Chris Huntington debuted on Growing Sideways in March when he participated in The Parent Interview #5: Irrational Love. A few weeks later he told me he and his family were taking a trip to Hong Kong Disney. As a big fan of Chris’ writing, I asked him if he might write something about the trip to share here. He did, and he did not disappoint. I hope you enjoy his tale from the other side of the world as much as I did.
You asked me what I thought of Hong Kong Disneyland, so let me tell you, though that means this letter will be all about M’SELF. And Dagim and Shasta. And Goofy. And magic. Also, maybe, a little evil. You told me you and Caroline haven’t taken your boys to DisneyWorld yet, but I recommend it.
When I worked in the prisons, I had a co-worker who was full Mickey. That is, he and his wife took their kids to Orlando every year– even after the kids were in high school. They stayed in the Disney hotel and rode the monorail to the park and afterward he’d come to work innew Mickey Mouse and Pluto ties (and this was in a medium security prison; none of us wore ties). But he was also a 45-year-old racist who liked showtunes and had his house rewired to accommodate the thousands of Christmas lights he put up every year. I figured that Disney was just a symptom of his desperately arrested development and not something any normal person would be affected by.
But let me tell you! Kevin!
Disney is great!
Now, I haven’t been to the one in Orlando, but on Lantau Island north of Hong Kong, my wife and son and I stayed in a Disney hotel with a regular bus to the park gate. It was all as perfectly clean and orderly as a Swiss dream.
Dagim hasn’t actually seen many Disney movies except for The Incredibles and the Toy Story trilogy. I don’t know if that’s because we’re living in China or because nobody at all watches Disney movies anymore. I mean, I know kids don’t watch Steamboat Willie but entering the park, we saw banners for movies we had completely forgotten about. Aladdin? Pocahontas? Hercules? Did you know there was a Disney version of The Hunchback of Notre Dame? (Fortunately the latter was NOT a character roaming the park, but he was in the stage show and I had to answer a lot of questions about that.)
The highlight of the morning was Space Mountain, which addressed the eternal question, “What if Willy Wonka had started NASA inside Mount Everest?” The girl at the empty turnstile checked Dagim’s height and waved us in. Dagim grew silent. He’s almost five years old. The tunnel was black-lit and mysterious. The adults in the racecar spaceships seemed nervous as the huge, foam-covered bars lowered over their legs. Shasta and Dag were placed into the seat ahead of me, and so I watched their tiny heads as the racecar cranked up a hill. Then it was so dark, I couldn’t really see their heads or the walls and the car fell weightlessly forward, then seemed to be caught, then torn sideways, flinging us through– no, around– a wall– then up– next over– a giant jellyfish of light, which was an exploding galaxy or something, and then into a cave made of nebulae and stars. We went left, right, up a ladderlike hill, and down a great tunnel filled with incandescent bulbs and the final pop of a flash (the picture was later available in the gift store). I was dizzy and laughing out loud for no reason at all except that it was tremendously physical. Shasta and Dag were trembling and holding hands on the platform as I climbed free. “Did you like that, Dag?” I said.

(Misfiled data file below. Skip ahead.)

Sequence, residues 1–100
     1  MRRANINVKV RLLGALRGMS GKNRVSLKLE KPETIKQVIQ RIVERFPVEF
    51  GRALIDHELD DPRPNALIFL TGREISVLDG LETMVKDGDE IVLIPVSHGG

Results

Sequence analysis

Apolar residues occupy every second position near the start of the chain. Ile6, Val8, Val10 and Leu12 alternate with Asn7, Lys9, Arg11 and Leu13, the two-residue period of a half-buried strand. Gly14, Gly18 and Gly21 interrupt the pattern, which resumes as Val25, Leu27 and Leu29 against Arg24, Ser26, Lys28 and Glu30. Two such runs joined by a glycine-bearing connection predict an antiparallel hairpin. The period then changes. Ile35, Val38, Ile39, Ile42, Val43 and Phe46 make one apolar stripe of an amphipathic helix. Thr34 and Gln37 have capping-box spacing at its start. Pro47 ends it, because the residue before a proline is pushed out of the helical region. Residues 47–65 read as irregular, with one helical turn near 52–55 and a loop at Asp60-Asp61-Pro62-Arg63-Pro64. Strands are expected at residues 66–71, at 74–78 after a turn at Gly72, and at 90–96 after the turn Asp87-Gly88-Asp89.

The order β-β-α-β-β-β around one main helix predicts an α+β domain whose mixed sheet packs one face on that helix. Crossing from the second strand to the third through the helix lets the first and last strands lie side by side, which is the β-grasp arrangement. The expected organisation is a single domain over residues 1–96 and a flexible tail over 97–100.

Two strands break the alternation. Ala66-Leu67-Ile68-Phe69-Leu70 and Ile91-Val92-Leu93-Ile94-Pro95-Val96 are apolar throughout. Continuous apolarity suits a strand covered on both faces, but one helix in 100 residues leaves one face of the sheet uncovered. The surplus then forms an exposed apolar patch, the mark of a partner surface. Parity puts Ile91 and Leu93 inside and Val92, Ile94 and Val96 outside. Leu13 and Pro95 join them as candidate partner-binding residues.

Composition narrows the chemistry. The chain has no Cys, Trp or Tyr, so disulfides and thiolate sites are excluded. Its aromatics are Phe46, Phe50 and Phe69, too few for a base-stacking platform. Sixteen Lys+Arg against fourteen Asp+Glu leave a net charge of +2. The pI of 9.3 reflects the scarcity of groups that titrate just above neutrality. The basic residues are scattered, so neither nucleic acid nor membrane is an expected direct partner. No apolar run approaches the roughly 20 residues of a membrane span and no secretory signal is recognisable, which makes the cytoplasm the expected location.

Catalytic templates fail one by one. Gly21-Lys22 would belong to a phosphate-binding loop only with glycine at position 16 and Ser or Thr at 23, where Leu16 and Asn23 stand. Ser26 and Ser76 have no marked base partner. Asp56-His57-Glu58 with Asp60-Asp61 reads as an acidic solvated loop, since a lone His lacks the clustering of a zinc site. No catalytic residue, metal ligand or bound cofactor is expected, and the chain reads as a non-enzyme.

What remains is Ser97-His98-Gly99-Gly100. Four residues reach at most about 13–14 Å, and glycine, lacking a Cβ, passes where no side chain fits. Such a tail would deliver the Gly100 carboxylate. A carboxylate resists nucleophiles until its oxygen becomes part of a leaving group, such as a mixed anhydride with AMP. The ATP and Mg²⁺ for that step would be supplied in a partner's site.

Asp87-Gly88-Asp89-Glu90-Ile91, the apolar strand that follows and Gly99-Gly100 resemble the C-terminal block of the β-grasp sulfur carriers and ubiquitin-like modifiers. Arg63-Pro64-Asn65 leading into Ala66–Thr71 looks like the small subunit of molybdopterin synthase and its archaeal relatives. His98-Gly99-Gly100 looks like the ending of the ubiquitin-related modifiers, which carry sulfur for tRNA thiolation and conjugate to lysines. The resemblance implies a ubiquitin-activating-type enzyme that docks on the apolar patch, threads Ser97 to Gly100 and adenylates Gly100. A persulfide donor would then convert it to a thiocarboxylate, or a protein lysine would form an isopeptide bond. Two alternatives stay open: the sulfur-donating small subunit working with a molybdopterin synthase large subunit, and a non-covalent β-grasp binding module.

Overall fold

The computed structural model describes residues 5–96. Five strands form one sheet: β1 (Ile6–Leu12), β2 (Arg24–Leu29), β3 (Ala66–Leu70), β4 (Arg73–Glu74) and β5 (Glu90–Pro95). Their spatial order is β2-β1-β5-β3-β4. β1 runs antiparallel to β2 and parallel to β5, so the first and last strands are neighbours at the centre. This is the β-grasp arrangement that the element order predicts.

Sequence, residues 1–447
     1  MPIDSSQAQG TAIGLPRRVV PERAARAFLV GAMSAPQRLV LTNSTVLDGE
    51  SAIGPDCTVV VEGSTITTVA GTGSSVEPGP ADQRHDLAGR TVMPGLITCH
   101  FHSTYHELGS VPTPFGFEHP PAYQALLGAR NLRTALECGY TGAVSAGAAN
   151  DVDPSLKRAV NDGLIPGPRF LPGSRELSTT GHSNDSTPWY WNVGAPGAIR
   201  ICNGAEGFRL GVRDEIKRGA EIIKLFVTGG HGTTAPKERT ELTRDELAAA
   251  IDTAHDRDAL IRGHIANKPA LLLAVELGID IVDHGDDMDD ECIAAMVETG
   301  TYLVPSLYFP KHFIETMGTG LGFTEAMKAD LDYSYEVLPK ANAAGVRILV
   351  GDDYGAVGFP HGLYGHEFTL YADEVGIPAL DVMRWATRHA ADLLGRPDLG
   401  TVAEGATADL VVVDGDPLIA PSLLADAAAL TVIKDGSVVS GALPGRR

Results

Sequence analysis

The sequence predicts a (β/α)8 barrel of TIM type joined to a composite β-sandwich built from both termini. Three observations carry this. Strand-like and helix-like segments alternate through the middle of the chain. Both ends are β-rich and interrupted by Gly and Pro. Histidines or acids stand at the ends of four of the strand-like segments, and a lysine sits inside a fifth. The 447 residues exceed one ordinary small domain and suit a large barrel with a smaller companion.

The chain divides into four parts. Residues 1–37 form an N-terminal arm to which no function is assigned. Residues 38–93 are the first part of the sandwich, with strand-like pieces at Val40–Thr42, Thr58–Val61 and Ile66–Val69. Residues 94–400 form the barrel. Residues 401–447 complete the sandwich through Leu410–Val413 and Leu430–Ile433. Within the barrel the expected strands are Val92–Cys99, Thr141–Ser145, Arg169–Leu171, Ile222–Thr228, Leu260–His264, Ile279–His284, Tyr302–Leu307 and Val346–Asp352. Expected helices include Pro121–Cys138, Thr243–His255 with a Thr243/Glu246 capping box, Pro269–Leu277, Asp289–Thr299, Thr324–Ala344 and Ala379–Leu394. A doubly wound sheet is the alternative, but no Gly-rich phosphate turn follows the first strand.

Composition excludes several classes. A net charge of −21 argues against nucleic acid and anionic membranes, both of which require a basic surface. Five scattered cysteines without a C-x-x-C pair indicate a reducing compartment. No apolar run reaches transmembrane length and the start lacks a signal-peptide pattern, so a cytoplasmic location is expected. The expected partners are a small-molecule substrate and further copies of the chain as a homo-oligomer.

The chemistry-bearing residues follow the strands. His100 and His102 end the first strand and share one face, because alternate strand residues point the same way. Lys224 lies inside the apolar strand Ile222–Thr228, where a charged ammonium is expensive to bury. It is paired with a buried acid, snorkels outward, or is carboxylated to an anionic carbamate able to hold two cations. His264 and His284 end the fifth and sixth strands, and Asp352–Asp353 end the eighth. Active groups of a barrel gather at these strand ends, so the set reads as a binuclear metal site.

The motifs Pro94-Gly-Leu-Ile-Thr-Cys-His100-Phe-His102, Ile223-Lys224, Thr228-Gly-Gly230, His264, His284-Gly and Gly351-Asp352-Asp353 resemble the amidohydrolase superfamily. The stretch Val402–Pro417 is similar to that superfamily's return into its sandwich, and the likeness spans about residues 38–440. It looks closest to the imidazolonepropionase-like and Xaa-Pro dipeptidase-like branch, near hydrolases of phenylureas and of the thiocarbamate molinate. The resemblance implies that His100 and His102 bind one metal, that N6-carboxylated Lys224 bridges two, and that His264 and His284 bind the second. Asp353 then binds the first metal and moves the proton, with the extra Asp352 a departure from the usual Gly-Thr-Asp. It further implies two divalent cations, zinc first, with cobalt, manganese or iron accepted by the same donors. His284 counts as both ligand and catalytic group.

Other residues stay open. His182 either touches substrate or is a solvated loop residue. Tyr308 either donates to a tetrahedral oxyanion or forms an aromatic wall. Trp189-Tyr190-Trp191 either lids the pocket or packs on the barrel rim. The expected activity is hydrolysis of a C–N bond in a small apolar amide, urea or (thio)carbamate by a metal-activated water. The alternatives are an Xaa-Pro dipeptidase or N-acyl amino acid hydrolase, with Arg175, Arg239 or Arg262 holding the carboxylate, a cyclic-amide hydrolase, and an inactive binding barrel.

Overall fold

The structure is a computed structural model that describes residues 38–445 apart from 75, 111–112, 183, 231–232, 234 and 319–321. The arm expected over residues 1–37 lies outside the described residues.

“Yes!” he said. “Let’s do it again!”
I asked my wife how she felt. She made a wobbly gesture. “Except for the lack of water, that was just what I imagine it’s like for a Matchbox car to get flushed down a toilet,” she said.
“Mom.” Dagim made a very serious face. “You need to be a risk-taker.”
As he said the last word, he pulled one fist across his chest in a very dramatic and Roman-looking gesture he’d practiced in pre-kindergarten. Risk-taking is one of the qualities of a good student in our school.
And so, my wife, who is scared of heights, not only rode Space Mountain another three times that day, but rode it in a car by herself when Dagim wanted to go in the first car with me.
Anyway, Kevin, Disneyland is great. While you’re there—no matter where you come from or what shitstorm of human pain and suffering you’ve lived through—you can’t help but believe that people are basically good and everything is magical. During that stage show, I looked over at Dagim as the lead character sang “When You Wish Upon a Star,” and I almost burst into tears. I looked at this four-year-old boy who was born 6,500 miles away from me but came into my life and turned it upside down—and he was so happy he couldn’t blink, which made me so happy I thought my heart would stop.